To maintain homeostasis, biological systems require a careful balance between diverse cellular components and their interactions. Disease states, but also therapeutic interventions, can be understood as perturbations of this system, either driving it away from homeostasis, or aiming to restore it, respectively. The overarching ambition of this project is to identify key principles that govern how combinations of internal and external perturbations converge into a combined response, thanks to network biology.
“Every day, millions of people are taking medications that will not help them. The top ten highest-grossing drugs in the United States help between 1 in 25 and 1 in 4 of the people who take them […]. There are even drugs that are harmful to certain ethnic groups because of the bias towards white Western participants in classical clinical trials.”
– N.J. Schork (Nature, 2015, doi:10.1038/520609a)
We propose a combined theoretical and experimental approach for the construction of a high-resolution directed interaction map of context-dependent drug response. Specifically, we will quantify the changes that chemical compounds and gene knockouts induce in cell morphology. Comparing the effects of genes and drugs individually with the effect of their combination allow us to identify interactions between them. By systematically mapping out and characterizing these interactions in a large-scale combination screen we expect to (i) identify rules for the emergence of drug-gene interactions, (ii) obtain new insights into cell-type specific responses and (iii) deepen our understanding of how different perturbations are processed by the molecular network of the cell.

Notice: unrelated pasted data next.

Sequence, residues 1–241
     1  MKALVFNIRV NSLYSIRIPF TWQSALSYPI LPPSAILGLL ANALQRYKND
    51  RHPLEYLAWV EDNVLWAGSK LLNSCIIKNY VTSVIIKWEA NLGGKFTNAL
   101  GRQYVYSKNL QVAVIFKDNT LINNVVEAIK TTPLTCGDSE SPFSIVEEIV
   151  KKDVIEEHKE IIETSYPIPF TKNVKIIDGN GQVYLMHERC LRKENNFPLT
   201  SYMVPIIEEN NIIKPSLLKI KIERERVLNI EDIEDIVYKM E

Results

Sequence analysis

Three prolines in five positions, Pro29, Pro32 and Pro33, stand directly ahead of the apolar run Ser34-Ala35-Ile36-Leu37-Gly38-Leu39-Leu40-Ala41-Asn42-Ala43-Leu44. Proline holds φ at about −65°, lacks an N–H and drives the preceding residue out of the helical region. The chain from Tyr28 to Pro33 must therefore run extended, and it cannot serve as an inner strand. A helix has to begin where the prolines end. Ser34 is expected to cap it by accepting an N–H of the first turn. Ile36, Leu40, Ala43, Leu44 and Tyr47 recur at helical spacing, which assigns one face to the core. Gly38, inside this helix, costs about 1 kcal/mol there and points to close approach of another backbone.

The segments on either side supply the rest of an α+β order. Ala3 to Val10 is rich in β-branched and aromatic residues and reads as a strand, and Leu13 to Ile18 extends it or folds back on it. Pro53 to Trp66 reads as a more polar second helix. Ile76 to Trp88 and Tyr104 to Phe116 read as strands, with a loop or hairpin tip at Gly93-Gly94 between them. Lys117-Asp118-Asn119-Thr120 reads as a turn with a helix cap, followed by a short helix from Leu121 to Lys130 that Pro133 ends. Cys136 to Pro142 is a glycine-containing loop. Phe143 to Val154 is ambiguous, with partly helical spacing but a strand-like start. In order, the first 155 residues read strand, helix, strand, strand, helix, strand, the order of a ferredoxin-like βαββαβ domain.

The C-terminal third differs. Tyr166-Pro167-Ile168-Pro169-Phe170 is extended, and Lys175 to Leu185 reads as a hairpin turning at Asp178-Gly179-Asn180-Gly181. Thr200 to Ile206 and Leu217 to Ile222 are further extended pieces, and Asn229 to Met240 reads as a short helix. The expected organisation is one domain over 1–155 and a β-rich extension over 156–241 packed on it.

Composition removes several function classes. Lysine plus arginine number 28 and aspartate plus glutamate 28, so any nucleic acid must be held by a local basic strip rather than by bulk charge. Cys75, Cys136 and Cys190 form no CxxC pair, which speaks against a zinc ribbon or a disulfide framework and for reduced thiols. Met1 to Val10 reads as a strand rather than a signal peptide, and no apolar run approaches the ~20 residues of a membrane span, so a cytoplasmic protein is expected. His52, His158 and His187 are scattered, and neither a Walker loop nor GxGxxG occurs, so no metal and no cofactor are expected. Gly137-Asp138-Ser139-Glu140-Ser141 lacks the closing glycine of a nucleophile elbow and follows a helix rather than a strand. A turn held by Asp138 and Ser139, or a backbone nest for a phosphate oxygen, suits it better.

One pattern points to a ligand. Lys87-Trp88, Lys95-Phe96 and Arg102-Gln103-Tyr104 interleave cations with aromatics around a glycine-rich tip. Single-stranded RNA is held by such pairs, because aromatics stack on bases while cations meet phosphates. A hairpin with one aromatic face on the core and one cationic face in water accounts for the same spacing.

This ongoing screen is performed in MCF10A, a human epithelial cell line. For all pairwise combinations between 311 compounds and 200 CRISPR knockouts, microscopy images will be processed and analyzed in order to extract morphological features describing the cell. Using a novel mathematical framework developed previously in the Menche lab, we obtain a detailed landscape of directed interactions between internal and external perturbations. Finally, we will characterize and interpret the resulting map using diverse molecular and phenotypic datasets, ranging from functional gene annotations to known disease associations.
This approach harnesses the power of systems biology and network science to go beyond what can be concluded from the interactions individually, thus allowing for system-wide conclusions.